By John Schaffner
Memorial Day has come and gone, and, if you live in Buckhead, the City of Atlanta or Sandy Springs, you may have hardly noticed.
The City of Atlanta and the new City of Sandy Springs did not have any public observances for Memorial Day. That is astonishing!
I guess I never realized that Atlanta was “too busy to care” about those who have not only sacrificed to join the armed forces and defend the liberties and futures of their fellow Americans, but then made the ultimate sacrifice. They gave their lives so that we might enjoy our lives the way we like to live them.
I have lived for the past 22 years in Roswell, a city that has built a monument at city hall to honor those who have sacrificed their lives for our liberties and which has for the past decade held a ceremony on Memorial Day that has drawn thousands to say thanks.
In the metro Atlanta area, Roswell was again one of just a few communities that traditionally, year after year, have chosen to honor those who have sacrificed on the battlefield so that all of us can feel safe at home.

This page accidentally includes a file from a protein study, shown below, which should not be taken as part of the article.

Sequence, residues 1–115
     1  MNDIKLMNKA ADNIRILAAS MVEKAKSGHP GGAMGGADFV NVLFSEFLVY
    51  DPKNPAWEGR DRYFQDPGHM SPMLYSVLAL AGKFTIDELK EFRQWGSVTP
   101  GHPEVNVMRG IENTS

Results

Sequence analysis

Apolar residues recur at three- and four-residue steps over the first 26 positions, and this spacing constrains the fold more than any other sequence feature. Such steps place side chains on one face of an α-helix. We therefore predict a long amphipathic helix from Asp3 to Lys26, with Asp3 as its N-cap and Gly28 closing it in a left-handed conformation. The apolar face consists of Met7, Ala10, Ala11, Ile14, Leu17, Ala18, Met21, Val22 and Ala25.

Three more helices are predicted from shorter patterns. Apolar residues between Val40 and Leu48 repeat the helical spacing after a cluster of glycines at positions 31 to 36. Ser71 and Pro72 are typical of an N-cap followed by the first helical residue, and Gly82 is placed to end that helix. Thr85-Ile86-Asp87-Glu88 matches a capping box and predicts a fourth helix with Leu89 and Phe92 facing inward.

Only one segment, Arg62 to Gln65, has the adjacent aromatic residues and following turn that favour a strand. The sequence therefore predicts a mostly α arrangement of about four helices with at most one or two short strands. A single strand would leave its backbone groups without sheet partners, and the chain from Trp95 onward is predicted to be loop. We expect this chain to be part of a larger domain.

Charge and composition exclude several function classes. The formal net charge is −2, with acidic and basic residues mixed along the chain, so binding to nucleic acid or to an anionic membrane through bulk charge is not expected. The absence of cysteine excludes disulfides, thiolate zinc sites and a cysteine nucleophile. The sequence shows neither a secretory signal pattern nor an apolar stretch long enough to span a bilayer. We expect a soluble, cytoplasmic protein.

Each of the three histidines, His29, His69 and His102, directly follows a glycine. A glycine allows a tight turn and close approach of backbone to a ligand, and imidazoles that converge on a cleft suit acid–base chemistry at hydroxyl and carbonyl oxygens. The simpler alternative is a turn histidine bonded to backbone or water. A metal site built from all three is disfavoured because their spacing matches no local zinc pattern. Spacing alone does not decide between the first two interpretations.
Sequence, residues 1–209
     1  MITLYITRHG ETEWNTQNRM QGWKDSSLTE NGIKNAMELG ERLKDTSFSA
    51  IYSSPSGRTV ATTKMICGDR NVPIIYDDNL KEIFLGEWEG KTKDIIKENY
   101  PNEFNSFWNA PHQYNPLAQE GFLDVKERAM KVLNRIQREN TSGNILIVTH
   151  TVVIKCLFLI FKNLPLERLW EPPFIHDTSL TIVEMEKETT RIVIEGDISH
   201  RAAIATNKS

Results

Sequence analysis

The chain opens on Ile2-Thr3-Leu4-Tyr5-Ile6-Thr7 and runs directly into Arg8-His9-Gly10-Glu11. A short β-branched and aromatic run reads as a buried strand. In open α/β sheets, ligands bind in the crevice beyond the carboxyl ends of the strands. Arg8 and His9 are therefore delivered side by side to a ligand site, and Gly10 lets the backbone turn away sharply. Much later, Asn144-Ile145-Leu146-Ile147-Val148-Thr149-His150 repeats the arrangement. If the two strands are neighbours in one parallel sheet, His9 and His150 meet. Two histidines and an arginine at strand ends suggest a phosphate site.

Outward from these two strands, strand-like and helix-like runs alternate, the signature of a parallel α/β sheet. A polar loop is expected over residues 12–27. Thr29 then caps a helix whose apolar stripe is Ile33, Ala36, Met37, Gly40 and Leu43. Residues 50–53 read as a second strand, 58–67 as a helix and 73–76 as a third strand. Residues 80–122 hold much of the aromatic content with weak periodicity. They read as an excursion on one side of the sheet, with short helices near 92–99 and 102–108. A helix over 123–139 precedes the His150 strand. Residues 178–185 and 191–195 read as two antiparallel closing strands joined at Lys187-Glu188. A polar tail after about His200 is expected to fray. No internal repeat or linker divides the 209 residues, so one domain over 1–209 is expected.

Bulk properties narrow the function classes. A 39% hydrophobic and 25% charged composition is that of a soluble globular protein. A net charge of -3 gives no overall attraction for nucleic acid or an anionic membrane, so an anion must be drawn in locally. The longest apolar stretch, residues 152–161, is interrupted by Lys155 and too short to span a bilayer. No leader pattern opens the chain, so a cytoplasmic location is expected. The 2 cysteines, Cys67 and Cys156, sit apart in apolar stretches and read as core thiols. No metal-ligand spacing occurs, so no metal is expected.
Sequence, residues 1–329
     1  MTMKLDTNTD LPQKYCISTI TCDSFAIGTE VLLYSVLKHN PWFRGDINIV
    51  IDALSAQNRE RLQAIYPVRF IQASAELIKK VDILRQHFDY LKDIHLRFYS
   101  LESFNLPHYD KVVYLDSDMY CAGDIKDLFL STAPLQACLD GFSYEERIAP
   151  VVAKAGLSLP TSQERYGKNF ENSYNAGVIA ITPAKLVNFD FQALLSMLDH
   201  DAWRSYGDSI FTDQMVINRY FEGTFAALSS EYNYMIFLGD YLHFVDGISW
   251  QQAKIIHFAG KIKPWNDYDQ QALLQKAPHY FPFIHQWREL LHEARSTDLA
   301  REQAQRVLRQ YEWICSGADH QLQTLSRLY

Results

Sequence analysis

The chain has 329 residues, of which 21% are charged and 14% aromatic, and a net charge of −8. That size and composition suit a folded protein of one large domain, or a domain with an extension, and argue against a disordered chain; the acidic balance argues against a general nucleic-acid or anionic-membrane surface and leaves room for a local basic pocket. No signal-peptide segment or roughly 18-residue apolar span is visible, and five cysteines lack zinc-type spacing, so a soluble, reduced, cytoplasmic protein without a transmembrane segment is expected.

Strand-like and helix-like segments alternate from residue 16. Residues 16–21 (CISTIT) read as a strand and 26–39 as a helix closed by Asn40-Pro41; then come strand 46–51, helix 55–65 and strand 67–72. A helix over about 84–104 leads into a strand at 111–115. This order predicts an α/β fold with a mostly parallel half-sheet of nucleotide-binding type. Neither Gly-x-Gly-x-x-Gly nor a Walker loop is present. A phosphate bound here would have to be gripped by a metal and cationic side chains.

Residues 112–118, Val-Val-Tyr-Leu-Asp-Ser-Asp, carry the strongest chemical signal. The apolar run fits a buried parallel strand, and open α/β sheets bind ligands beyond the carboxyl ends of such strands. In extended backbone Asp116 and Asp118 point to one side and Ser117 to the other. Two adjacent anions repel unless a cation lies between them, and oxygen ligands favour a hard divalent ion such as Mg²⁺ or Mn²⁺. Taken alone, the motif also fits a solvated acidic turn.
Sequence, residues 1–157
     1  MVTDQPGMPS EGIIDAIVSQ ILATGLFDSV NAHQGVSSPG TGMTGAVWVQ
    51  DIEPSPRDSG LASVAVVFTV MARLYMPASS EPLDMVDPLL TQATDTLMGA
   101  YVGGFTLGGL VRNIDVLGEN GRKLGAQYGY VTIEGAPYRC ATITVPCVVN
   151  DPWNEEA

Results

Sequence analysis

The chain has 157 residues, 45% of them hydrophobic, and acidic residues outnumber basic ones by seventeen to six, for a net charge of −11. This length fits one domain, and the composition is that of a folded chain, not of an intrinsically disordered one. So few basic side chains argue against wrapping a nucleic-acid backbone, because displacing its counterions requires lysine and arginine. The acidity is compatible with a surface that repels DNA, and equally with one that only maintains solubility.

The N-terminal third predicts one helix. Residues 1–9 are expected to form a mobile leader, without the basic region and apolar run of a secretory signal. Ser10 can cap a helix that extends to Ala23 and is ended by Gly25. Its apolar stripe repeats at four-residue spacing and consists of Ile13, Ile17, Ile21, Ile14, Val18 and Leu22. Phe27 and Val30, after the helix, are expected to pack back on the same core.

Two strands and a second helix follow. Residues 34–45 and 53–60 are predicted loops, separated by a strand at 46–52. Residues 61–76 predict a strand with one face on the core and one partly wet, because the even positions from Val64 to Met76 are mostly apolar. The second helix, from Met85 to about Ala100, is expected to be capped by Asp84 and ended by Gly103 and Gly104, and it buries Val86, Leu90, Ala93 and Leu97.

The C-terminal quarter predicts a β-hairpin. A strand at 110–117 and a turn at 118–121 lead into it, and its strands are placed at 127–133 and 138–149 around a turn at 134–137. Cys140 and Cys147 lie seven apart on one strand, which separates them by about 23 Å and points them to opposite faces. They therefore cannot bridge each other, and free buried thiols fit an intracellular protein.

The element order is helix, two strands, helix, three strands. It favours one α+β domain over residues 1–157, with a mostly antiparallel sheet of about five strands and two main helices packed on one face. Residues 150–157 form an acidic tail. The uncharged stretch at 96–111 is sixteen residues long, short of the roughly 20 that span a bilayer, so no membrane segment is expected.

In fairness, there was a “History Live! World War II Remembrance Day” exhibit at the Atlanta History Center in Buckhead. However, it was held the day before Memorial Day and certainly was not a program arranged or sponsored by the City of Atlanta or any of Buckhead’s quasi-official organizations.
DeKalb County had a Memorial Day service at Liane Levetan Park at Brook Run in Dunwoody on Monday.
The little community of Duluth also had a Memorial Day celebration honoring Korean War veterans.
Marietta, which rivals Roswell each year for the biggest Memorial Day ceremony, again had its event at the Marietta National Cemetery. Boy Scouts placed an American flag at every grave in the cemetery and the featured speaker was Nicholas Snider, chairman of the National Museum of Patriotism.
There also were observances in Lawrenceville and at Stone Mountain. But there were none in the City of Atlanta and the new City of Sandy Springs.